Writing up a 24hour event could well turn into a long progress, if you would prefer to read my summary of the event you can do so here.
As with last year I was competing in the event as part of UKrunchat's #teamred against the fearsome opposition of #teamblue.
Our team consisted in the end of 7 runners whereas #teamblue had their full compliment of 8 runners so already competitive advantage was theirs!
Being a local to the event I arrived on Friday evening to get the task of setting up my tent out of the way. I arrived to a much larger campsite than the previous year which made it difficult to find the UKrunchat area. I soon found the right place and was ably assisted in putting my tent up by team mate Laurence and teamblue opposition Paul, my blue tent further muddying the waters of this team competition.
I had decided on the easy option of spending Friday night in the comfort of my own bed rather than camping for two nights, a decision I was pleased to have taken on Sunday after the lack of sleep achieved on Saturday night. So I returned to the campsite on Saturday morning to meet the rest of my team mates captained by Jen and the opposition for the weekend marshaled by Jeff. It was my second year locking horns with Jeff as we were both the sole survivors of the UKrunchat teams from Spitfire Scrambles inaugural race last year.
After the introductions and pre race photos and briefings were completed the race was soon underway at 12 noon and the gruel ling 24hours was underway! The thrill of these 24hour events is the unknown, how many laps will I be required to run? What will it be like running in the dark? Will the team survive the 24hours intact? Will there be injuries and dropouts? All I knew was that I was scheduled to run as the 7th member of the team with an estimated starting time of 6pm.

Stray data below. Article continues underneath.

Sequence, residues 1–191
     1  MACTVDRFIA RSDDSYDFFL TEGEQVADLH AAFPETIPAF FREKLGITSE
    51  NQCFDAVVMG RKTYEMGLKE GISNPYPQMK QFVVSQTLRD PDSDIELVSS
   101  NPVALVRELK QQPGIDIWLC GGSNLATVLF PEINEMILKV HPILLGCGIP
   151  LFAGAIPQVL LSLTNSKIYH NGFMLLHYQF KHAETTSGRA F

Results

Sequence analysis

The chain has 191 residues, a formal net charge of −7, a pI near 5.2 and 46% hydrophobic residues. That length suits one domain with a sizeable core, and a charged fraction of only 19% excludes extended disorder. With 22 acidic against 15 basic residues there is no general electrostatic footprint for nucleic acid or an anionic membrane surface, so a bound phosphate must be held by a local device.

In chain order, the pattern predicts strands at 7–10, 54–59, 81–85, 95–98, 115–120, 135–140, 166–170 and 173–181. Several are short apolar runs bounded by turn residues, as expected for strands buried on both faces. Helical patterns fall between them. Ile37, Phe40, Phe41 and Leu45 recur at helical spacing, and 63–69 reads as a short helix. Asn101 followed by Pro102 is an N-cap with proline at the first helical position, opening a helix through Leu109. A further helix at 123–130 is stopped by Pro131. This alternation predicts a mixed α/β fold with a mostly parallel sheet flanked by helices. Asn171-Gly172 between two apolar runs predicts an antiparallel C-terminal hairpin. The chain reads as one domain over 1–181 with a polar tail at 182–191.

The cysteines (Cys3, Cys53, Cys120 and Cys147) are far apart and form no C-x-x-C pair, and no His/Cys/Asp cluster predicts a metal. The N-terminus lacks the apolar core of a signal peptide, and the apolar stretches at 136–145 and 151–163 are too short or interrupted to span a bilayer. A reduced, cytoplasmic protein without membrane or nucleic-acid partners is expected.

So quite a difference to a normal race where you get up early, get to the race and bang your off! The first few hours were going to involve a lot of sitting, chatting, cheering, clock watching, eating and relaxing before my running got under way.
The race soon sets into a rhythm though of supporting other team members as they either complete laps or start laps, then a debrief of how the lap went before a quiet period where the runner on the course completes their lap before the whole cycle starts again.
I completed the lap in 45.41, my aim had been to rival my first laps time from last year which was 43.40. Realistically I knew I was not as quick as I was last year so I was pretty pleased to get within a few minutes of last years time.
After lap number one I had some pasta from the onsite catering, continued getting to know the rest of the team and enjoyed watching the bright summer sun head in for the night. Around 9pm I managed to grab about 45 minutes sleep before getting ready to run my second lap.
Head torch at the ready I set out on my second lap in the darkness of night. My plan was just to settle into a pace that I was comfortable running at both in terms of pace and where I was confident of finding my footing on the uneven trail surfaces. I also decided to take on the giant Ingrebourne hill at mile 2 a bit gentler.
The lap was brilliant despite it being at 11pm and having already ran a fast lap I felt brilliant and felt like I flew round despite the tricky underfoot conditions. A speedy run coupled with the magic of running in the stillness and peacefulness of night combined for one of my favourite ever running experiences.
Getting back to camp I was conscious to try and keep warm and get some rest so after a Mars milkshake and a few half hearted stretches I climbed into my sleeping bag with my alarm set for 5am to be ready to get up and run again at about 6.
Although I didn't feel tired I was soon asleep it was just unfortunate that the sleep didn't last too long! Our tents were positioned alongside the course route about 50m from the changeover point which meant we had runners coming past at regular intervals calling for their various team mates in the change over area. It was pretty frustrating to be constantly disturbed but it was made bearable by the funny remarks and commentary from Paul in the neighbouring tent who was very amusing!
The time to get up soon came and after a pain au chocolate and a handful of jelly babies I felt ready to run despite the early hour and the lack of sleep.
Lap 3 was again an enjoyable experience as I was heading out soon after sunrise and the course felt peaceful with the day yet to begin. Again I ran a pace that felt comfortable, took it easy on the hill and tried to enjoy the route and the scenery.
Both before and after the lap I was surprised with how well I felt, yes I felt tired and lacked a bit of energy but my legs felt good and I felt more than capable of running at a decent speed.